Although I frequently read books in varying numbers of pages, I knew this one was lengthy (500+ Pages). Still, I read this book in one and a half days. The story covered many details and left with as many questions at the end of the tale. Sage and Adonis were from dissimilar backgrounds. Sage’s single mother reared her alone and made sure her needs met. What she failed to give Sage were the things she needed the most. Her mother’s love and affection were never an experience Sage could claim. Adonis, on the opposite side had a loving family and an abundance of friends and associates. He ran a business outside the confines of legality, but he also had legitimate business ventures. Sage was a loner, who only had three people as friends. Her roommate Destiny and a fellow student named Dre. The six degrees of separation came into play with the relationship dynamics between Ivy, Dre, Adonis, Destiny, and Sage.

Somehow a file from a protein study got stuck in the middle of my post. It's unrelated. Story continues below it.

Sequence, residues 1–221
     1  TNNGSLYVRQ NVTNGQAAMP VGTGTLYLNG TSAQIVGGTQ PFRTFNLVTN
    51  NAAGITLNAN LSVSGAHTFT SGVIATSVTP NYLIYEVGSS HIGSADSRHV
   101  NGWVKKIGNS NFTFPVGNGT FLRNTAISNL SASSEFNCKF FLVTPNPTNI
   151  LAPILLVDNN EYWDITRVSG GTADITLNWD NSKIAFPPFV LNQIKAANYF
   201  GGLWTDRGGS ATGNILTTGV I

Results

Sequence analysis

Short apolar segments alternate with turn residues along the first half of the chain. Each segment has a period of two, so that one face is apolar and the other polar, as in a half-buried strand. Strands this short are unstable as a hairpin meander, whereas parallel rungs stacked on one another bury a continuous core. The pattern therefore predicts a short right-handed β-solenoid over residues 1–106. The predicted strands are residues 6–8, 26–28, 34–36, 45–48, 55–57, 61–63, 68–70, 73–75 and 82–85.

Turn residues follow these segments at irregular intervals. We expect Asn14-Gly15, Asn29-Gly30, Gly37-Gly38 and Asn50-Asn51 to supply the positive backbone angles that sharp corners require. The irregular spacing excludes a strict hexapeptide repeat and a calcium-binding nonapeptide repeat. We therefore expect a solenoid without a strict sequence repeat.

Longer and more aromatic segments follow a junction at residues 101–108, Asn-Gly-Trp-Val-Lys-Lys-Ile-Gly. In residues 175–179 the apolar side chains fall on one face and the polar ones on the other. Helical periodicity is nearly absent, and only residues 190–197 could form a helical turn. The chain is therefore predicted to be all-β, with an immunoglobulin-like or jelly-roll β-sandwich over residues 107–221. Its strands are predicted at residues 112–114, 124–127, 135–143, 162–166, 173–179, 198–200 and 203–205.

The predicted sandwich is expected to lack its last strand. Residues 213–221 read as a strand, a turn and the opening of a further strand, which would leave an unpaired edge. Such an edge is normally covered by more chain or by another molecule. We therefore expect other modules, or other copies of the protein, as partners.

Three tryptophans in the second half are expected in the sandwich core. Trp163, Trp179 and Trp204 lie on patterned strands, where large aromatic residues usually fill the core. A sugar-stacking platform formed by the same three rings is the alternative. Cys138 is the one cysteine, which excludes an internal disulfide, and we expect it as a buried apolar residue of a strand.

For much of the story, it appeared that Sage was chasing after the D. Then, at some point, Adonis decided he wanted to add Sage to his stable of women. I can honestly say from the beginning of the story, I did not like Adonis. His description stated he was extremely handsome, fit, and could handle the monster in his pants. That’s one of the reasons he had so many women vying for his company. That part of the story was not appealing and mostly frustrated me. Sage’s situation, I better understood after her mother revealed the circumstance associated with her birth and conception. I’d already figured that part out. It was still difficult to swallow. I continued to believe she could do better than Adonis and his noncommittal treatment with her heart. A few areas in the story needed a tighter connection in the storyline.  Sometimes the filler communication in telling a tale distracts. As well as the extreme amounts of times Sage and Adonis spent in bed. A lot of sexual activity took place between the pages of this tale. Overall, the story was good. I’ll have to remember to come back for the second story because part one ended with a cliffhanger. 4.5 Stars

*note: a free copy of this book was given by the author in exchange for an honest review.*


Review – The Paradox Effect, by K. Gibson

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